• Furlough is granted in cases of long-term imprisonment.
  • Right
    • Parole is not a right of the prisoner and is given on specific grounds. 
      • Sometimes, even if all the grounds are satisfied or met, the competent authority cannot grant a prisoner parole as leaving him/her in society would be against the interest of the society.
    • Furlough is the right of a prisoner and is granted to him/her periodically. 
      • Sometimes it is even granted without any reason on the sole ground of him/her maintaining contact with family.
  • Grounds
    • Granting parole is based on the reasons or certain conditions.
    • Furlough is granted without any reason, mainly with the idea of giving the convict a break from regular prison life.
  • Limitations
    • There is no limitation on the number of times a convict can get parole.
    • However, a limitation exists in the case of furlough and this is based on the procedure laid out in the rules of each state.
  • Authority
    • The Divisional Commissioner is the Parole Granting Authority.
    • Furlough is granted by the Deputy Inspector General of Prisons. 
  • Does the sentence get suspended or reduced?
    • The days of leave while being on parole are not included in the sentence period.
    • However, in the case of furlough, the sentence of the convict goes along with the furlough period.

How do parole and furlough differ from remission?

  • Remission is different from parole and furlough as it is a reduction in sentence as opposed to a break from prison life.
  • A prisoner can be released prematurely if the state government desires so but the exercise of this power is in itself subject to judicial review.

Laws dealing with parole, furlough and remission

  • There is no specific law or uniform statutory provision dealing with the question of grant of parole or furlough in India. There is no provision in the Code of Criminal Procedure, 1973 also that deals with grant of parole.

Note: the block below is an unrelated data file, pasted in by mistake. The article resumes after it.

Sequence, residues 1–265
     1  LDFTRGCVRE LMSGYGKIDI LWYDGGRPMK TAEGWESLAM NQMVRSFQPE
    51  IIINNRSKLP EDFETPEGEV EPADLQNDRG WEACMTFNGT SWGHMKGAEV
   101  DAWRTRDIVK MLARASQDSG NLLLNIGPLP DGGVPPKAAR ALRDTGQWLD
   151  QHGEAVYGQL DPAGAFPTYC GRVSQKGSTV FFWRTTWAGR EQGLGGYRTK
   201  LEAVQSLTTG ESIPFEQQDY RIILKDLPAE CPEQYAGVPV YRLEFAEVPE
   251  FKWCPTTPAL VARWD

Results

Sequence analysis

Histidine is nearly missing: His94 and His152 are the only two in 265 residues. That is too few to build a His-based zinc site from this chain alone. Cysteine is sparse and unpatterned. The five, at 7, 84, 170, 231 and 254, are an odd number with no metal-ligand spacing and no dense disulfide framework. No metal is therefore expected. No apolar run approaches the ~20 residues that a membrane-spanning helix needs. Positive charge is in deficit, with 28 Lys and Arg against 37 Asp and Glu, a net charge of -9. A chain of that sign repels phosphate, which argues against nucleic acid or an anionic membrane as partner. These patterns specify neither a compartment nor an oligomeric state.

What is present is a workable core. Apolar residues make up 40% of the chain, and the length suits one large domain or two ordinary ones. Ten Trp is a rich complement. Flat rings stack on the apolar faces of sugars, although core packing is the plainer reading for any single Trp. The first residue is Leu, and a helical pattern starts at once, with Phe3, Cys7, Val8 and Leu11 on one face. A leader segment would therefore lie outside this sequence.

• However, the grant of parole (as well as furlough) is governed by rules made under the Prisons Act of 1894.
  • Many State governments have also formulated guidelines to bring out objectivity and facilitate decision-making to determine whether parole or furlough needs to be granted in a particular case or not.
    • The power to grant parole is purely an administrative decision. However, the executive must exercise the discretion vested in it judiciously and not arbitrarily and always keeping in mind the objectives of the parole and also taking into consideration that the convict is a human being and has human feelings as well.
    • Similarly, the grant of furlough is discretionary.
  • Section 432 of the Code of Criminal Procedure deals with the grant of remission to convicts.
  • The President and governors of states have also been given the right to remit sentences of any person convicted of any offence under Articles 72 and 161 of the Constitution. 
    • However, the President and Governor must act according to the aid and advice of their Council of Ministers while they exercise this power.

Important court judgements

  • State of Haryana v. Mohinder Singh (2000)